Take a disciplined approach to justifying every position and business expense in your organisation. If it is not related to the core of your business then reduce it, stop it, sell it or outsource the damn thing. Keep the good people – journalists are some of the sharpest and most creative people around. Put those imaginations to work.
Start with training – in February 2012 the Journal Register put a new spin on newsroom digital training for editorial employees of its Connecticut properties. Those employees can now go to Digital Ninja School, a martial arts-themed training program. The program covers five areas that are essential for anyone working in the modern newsroom: digital publishing, social media, blogging, video and data journalism. On completion of each category trainees are then rewarded with a new ‘belt’ – on completion of all categories they receive a digital ninja black belt.
Thomas Baekdal (@baekdal) has written a terrific article on changing attitudes in the news room while David Fagan (@djfcm) describes how News Queensland worked to place digital at the very heart of its production process in a state-of-the-art open-plan newsroom. Meanwhile Matt Thompson offers a little help in understanding your staff – Four types of journalists: How they tick and what we can learn from them.
Successful news media companies will be defined by their determination to tell the public something they didn’t know, something that they want and need to know and not what they already know. They will make noise, be daring, make sense of the world for their readers and if they can sink their teeth into any politician’s ankles at the same time then all the better.
Remember EM Forster’s cautionary tale of the stone-age storyteller, the only member of the tribe who was excused hunting. The condition was that he told tales around the camp fire which never, ever sent his colleagues to sleep. If his stories did he was duly killed.
News media companies must endeavour to get their first – the Confederate general Nathan Forest was once asked what the key to victory on the battlefield was. “Who gets there firstest with the mostest,” he replied.
Commit to social media. Do not treat Twitter as a glorified RSS feed and do not over-estimate the value of your homepage. Please, please read Adrienne LaFrance’s (@AdrienneLaF) article on how the value of the homepage is shifting. The majority of traffic, for example, at leading media companies like the New York Times, now bypasses the homepage.
Embrace the shrinking news cycle and put digital first. Understand that digital first journalism views stories as a process and not a product, that digital first journalism likes to get their first, but also likes to link when it is not and understands, as Jeff Sonderman (@jeffsonderman) points out, that when you want your work to be shared you must make your readers feel something. Aim to solve problems, understand metrics, take advantage of mobile and be prepared to fail eight times a day.
Alan Rusbridger (@arusbridger), the editor of the Guardian, insists that his organisation is committed to digital first: “we are a giant website with a small team dedicated to the newspaper”. Mr Rusbridger believes that if the journalism is of a high enough quality it will lead to a business model.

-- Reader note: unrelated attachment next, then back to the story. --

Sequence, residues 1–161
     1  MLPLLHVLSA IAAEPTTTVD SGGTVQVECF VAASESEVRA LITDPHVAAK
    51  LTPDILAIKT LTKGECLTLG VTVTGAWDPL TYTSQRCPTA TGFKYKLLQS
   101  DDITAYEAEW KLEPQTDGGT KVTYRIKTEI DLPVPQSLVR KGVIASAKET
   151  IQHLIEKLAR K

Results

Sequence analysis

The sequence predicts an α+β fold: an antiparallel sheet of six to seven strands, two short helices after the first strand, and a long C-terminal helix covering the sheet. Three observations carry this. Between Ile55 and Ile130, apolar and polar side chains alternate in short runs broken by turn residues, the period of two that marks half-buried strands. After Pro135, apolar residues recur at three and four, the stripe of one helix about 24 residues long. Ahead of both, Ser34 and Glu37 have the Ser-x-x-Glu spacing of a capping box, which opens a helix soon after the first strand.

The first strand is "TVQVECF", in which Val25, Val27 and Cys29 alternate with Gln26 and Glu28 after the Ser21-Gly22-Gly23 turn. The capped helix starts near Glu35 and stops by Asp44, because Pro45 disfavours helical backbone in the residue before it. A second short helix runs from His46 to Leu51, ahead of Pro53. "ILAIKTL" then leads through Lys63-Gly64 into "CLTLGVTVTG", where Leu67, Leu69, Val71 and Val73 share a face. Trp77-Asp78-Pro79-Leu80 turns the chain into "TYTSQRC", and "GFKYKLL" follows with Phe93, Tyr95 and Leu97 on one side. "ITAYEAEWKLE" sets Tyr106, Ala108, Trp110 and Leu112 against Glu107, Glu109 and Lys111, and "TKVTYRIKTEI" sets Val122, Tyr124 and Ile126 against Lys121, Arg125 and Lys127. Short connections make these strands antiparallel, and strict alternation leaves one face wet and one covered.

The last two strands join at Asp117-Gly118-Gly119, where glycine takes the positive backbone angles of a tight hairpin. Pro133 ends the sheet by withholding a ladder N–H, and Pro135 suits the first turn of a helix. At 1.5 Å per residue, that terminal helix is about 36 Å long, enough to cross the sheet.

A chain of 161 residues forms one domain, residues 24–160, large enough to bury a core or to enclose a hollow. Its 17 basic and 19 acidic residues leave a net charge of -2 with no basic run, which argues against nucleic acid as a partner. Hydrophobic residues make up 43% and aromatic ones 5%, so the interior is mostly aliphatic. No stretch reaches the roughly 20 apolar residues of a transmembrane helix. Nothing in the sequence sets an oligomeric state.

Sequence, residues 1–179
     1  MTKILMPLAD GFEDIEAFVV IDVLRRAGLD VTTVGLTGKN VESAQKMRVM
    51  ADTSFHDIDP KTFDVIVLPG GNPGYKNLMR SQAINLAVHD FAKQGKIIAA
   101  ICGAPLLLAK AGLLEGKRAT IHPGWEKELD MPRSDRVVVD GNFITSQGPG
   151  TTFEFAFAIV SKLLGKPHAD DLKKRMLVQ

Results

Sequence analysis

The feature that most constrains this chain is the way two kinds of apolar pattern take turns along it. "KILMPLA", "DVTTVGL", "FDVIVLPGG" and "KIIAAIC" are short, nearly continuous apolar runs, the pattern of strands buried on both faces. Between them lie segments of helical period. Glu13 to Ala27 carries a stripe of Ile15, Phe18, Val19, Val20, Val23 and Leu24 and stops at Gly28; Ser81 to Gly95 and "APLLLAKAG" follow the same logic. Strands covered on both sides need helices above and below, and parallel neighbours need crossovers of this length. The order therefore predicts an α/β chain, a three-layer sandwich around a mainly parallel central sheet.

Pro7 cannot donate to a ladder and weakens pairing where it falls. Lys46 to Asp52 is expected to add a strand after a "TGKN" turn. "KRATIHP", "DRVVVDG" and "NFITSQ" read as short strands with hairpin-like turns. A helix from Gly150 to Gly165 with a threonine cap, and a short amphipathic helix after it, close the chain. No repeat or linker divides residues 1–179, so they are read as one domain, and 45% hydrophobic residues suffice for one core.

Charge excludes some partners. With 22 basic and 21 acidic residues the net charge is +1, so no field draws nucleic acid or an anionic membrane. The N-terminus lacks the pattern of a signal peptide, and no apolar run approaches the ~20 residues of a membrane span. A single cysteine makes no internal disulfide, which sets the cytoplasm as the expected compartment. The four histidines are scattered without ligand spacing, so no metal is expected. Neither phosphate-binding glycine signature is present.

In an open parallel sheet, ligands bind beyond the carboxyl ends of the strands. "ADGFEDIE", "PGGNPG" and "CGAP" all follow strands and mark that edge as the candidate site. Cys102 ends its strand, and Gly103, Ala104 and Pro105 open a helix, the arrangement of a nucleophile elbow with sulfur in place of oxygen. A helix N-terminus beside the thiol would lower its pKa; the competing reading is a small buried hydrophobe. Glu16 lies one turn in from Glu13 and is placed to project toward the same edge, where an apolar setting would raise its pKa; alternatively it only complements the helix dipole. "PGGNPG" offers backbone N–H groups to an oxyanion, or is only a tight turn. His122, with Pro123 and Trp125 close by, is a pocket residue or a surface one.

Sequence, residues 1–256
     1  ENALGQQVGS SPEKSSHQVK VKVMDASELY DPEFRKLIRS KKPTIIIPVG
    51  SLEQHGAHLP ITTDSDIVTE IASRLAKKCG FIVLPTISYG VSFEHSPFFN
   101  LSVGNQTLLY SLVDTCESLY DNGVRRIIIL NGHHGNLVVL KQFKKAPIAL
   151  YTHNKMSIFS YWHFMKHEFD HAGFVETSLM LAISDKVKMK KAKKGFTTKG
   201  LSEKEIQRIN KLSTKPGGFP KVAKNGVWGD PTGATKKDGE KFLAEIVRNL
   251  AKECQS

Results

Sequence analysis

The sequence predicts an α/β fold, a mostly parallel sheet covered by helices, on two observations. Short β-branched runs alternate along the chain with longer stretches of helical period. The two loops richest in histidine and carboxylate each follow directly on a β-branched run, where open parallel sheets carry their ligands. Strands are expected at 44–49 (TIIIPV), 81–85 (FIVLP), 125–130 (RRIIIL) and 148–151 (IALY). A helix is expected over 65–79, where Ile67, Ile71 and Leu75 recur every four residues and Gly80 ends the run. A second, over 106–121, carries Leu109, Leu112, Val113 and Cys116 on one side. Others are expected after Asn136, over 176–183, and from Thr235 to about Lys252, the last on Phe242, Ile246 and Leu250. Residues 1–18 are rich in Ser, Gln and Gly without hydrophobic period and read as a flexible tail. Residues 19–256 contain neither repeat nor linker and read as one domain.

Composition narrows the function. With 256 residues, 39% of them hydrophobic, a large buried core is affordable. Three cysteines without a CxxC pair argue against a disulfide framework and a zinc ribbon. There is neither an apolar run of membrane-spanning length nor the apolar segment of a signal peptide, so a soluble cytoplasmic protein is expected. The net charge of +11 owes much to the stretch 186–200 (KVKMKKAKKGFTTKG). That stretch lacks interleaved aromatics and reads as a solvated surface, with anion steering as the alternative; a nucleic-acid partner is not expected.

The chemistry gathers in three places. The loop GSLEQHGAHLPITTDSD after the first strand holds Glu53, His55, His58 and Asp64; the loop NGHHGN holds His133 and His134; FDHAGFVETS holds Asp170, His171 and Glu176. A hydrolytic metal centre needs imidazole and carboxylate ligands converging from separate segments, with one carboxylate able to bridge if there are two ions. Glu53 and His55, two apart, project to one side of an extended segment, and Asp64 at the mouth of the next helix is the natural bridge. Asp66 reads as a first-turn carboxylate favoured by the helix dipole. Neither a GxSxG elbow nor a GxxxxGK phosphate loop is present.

Here is Mathew Ingram on why digital first matters, Steve Buttry on ten ways to think like a digital first journalist, Emily Henry (@EmilyHenry) on ten reasons why online journalists are better journalists and Joe Talcott on how the message always trumps the medium in the news media industry. John Ensslin describes his dream newsroom while Ellen Foley has a terrific article on transforming your newsroom.
Understand that yesterday is not news. As newspapers rethink themselves editors should consult a road map for how newspapers can live alongside new media which was drawn up more than fifty years ago by Bernard Kilgore. When Kilgore became managing editor of the Wall Street Journal in 1941 he inherited a business model that technology had undermined.
Founded in 1889 to provide market news and stock prices to individual investors, the Wall Street Journal lost half its circulation as such basic information became widely available. Kilgore observed that the new media, such as radio, meant that market news was available in real time. Some cities had a dozen newspapers that had gained the Wall Street Journal’s once-valuable ability to report share prices. And, technology increasingly meant readers would know the basic facts of news as it happened.
Kilgore announced at an editorial meeting that “it doesn’t have to have happened yesterday to be news”. Indeed, Bernard Kilgore argued that people were more interested in what would happen tomorrow.
On the morning after Pearl Harbor, most newspapers recounted the facts already known. The Wall Street Journal’s page-one story however began: “war with Japan means industrial revolution in the United States”. It outlined the implications for the economy, industry and commodity and financial markets.
Bernard Kilgore led the Wall Street Journal’s circulation to one million by the 1960s from 33,000 in the 1940s by adapting the newspaper to a role reflecting how people used different media for news. Kilgore’s rallying cry was: “the easiest thing in the world for a reader to do is to stop reading”. His critical finding was that readers seek insight into tomorrow much, much more than an account of yesterday.